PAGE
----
On a recent afternoon, a client I’ll call Andre arrived at my studio in a state of upset. Earlier that day, he’d experienced a nasty breakup with his girlfriend, and was still smarting from the callous things she’d said to him. After filling me in on the specifics of who’d said what to whom, Andre slumped in his chair, and asked, “How will I ever get past the pain of this breakup?”
I thought for a moment about whether hypnosis was in order for this problem, but rejected the idea because I knew that Andre’s feelings were much too raw. Instead, I left it to a good night’s sleep to begin the process of Andre’s recovery. I had just read an article in Greater Good Magazine about the power of REM sleep to dislodge painful experiences from the brain (https://greatergood.berkeley.edu/article/item/why_your_brain_needs_to_dream).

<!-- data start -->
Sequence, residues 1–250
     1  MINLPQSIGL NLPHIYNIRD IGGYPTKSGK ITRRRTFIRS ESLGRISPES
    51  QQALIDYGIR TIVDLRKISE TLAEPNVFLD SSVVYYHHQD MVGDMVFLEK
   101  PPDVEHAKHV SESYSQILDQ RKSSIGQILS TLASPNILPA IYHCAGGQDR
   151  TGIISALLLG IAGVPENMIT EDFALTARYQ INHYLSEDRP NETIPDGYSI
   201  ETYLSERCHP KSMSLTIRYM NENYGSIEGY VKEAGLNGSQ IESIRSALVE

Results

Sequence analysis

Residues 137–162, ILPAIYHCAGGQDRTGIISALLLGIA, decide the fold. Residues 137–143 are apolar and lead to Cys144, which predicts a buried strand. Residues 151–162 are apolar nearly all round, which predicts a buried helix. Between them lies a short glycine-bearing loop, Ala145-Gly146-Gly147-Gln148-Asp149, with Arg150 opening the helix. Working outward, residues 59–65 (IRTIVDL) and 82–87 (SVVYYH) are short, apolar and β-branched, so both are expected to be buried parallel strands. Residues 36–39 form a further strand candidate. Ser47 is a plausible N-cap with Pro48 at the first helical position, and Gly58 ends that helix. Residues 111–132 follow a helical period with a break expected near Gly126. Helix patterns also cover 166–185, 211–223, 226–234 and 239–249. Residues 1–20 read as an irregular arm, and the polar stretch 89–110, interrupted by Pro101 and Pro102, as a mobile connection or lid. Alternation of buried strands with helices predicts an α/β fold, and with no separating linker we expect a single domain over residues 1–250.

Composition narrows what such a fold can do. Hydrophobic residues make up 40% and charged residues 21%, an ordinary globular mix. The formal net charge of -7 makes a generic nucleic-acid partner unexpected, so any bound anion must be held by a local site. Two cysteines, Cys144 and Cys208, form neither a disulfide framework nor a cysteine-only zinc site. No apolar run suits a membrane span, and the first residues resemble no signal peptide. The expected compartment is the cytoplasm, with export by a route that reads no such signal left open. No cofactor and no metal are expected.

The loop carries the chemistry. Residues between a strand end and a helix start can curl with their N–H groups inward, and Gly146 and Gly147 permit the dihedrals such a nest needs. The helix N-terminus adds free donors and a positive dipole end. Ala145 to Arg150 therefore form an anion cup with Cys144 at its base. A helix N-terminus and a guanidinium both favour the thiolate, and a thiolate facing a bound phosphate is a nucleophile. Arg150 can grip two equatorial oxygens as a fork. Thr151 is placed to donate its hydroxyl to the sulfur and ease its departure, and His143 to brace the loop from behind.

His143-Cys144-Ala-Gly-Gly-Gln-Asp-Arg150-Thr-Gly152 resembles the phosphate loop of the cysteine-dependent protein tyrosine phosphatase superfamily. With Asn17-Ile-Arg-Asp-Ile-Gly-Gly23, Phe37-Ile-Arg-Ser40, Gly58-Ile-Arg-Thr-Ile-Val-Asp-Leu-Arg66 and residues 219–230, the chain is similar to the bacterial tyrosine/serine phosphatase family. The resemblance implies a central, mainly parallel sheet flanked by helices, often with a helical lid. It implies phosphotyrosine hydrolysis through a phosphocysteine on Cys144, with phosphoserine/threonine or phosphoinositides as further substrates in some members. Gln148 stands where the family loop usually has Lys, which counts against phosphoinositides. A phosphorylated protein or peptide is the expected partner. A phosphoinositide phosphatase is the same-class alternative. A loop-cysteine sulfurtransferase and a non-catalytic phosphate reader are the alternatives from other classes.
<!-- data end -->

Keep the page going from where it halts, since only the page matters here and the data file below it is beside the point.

Researcher Matthew Walker explains that the only time our brains produce no anxiety-triggering noradrenaline is when we are in REM sleep, a time when the brain’s memory-related and emotional structures are reactivated. Thus, when we process the day’s events during REM, we do so in a stress-free mode, and change the way we perceive those events.
So chances were good that Andre would begin to feel better in the morning, since a few REM cycles would soften the intensity of his emotion. He’d be in a better position to benefit from therapy once the painful charge on his experience had been lessened.
The next day, Andre emailed me to say he was in fact better, and had even found some ways to think about the breakup that were advantageous to him.
From Andre’s story, we can all learn, following unpleasant events, to think, “I’ll feel better in the morning.”
You're reading the Bad Thoughts Blog, which maintains that feeling good is as simple as thinking a better thought. I'm Debbie Covino, hypnotherapist, coach, and creator of the Master Your Own Mind self-hypnosis program, available at www.hypnotic-wellbeing.com/store
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